There is no liberal network out there. There is no “fair and balanced” network out there, either. They are all unbalanced in favor of the corporate landscape from which their revenues grow.

Lisa Pease is a historian and writer who specializes in the mysteries of the John F. Kennedy era.

To join the Liberty Underground news service, email libertyuv at hotmail dot com with “join” for a subject. Here you can experience what is in fact “liberal media” — and see some of the best in populist political cartoons, as well.

Chris Hedges on the Death of Liberalism in the US.

I found this while looking for posts about Nixon’s “Liberalism” due to the rightward shift in US politics.

Journalist and author Chris Hedges delivers a lecture based on his book Death of the Liberal Class. Hedges argues that there are five pillars of the liberal establishment – the press, liberal religious institutions, labor unions, universities and the Democratic Party – but that these institutions have failed the constituents they purport to represent.

Some of Nixon’s liberal programmes:

* imposed wage and price controls.
* indexed Social Security for inflation.
* created Supplemental Security Income.
* created the Environmental Protection Agency (EPA).
* created Occupational Safety and Health Administration (OSHA).
* promoted the Legacy of parks program.
* implemented the Philadelphia Plan, the first significant federal affirmative action program.
* dramatically improved salaries for US federal employees worldwide.
* signed a bill that lowered the maximum U.S. speed limit to 55 miles per hour to conserve gasoline during the 1973 energy crisis.
* established the Office of Minority Business Enterprise.
* On February 6, 1974, he introduced the Comprehensive Health Insurance Act. Nixon’s plan would have mandated employers to purchase health insurance for their employees, and in addition provided a federal health plan like Medicaid that any American could join by paying on a sliding scale based on income.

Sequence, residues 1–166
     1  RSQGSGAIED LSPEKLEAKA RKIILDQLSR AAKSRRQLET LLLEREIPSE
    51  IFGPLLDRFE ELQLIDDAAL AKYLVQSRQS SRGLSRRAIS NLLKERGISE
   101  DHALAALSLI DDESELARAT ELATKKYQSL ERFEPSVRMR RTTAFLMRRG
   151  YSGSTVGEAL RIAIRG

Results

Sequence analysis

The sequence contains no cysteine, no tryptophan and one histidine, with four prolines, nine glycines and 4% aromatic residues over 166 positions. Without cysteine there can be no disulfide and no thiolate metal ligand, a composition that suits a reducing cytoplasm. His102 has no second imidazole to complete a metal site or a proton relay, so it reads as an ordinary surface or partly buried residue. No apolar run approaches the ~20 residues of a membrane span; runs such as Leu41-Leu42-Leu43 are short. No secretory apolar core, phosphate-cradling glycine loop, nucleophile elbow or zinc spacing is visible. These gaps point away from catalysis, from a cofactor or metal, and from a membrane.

This list neglects the Clean Air Act and Clean Water Act. I would also toss in some of the gun control laws which are now being overturned (in particular waiting periods).

Video here

Liberalism and populism in the US.

I have to admit that I find the blog American Creation to be really interesting and informative. Which leads to their credit for having a post about William Hogeland (Hysteriography), which is a name I’ve encountered before since we share interests: in particular, early American insurrections and populism. Although, I have to admit his pieces in the Boston Review, Real Americans, and at New Deal 2.0, Liberals and Populism: An Uneasy History, really struck a chord with me.

The left is often left wondering why its message is lost on the people. For example, I read a blog which made some wild claims about progressives being against “freedom”. Of course, the blogger in question probably has a different concept of the word freedom than I do if he dislikes the changes that progressivism has brought about: such as the pure food and drug act, the clean air and water acts, child labour laws, laws about safety in the workplace, and so on. Or is it a person’s right and freedom to want to be a slave?

The problem is that there is a strong anti-intellectual streak in the American population. As Hogeland points out “the main populist assault (During William Jennings Bryan’s time), just as today, was on common liberal modes of discussion, debate, and expertise.” There was the disgust with the East Coast, Elites, which today would be termed the “Within the Beltway mindset”. Hogeland takes his premise even further back at Liberals and Populism: An Uneasy History going to the War for American Independence.

Liberals and Populism: An Uneasy History gets me thinking my usual question about how many of the founding fathers would have chosen to incite the masses had they known how hard the mob would be to control? As I said at American Creation, Especially since Samuel Adams wasn’t a populist! That is truly an interesting point. I know that he had made a comment about Shays’ Rebellion which would point to his being a strong denouncer of insurrectionism (“Rebellion against a king may be pardoned or lightly punished, but the man who dares to rebel against the laws of a republic ought to suffer death.”). Given that Sam Adams was prone to stirring up mobs as happened in the Boston Massacre and Philadelphia, this is truly a revelation!

Of course, this post may tend toward the elitism for which overeducated people such as myself, but one has to wonder how much the people who wanted independence at any cost would view the effect on US Politics (as opposed to the Tories who wanted any change to be done through legal means)? The problem is that the mob is not a body which can be controlled or is reasonable. One needs leadership. Or to quote James Madison: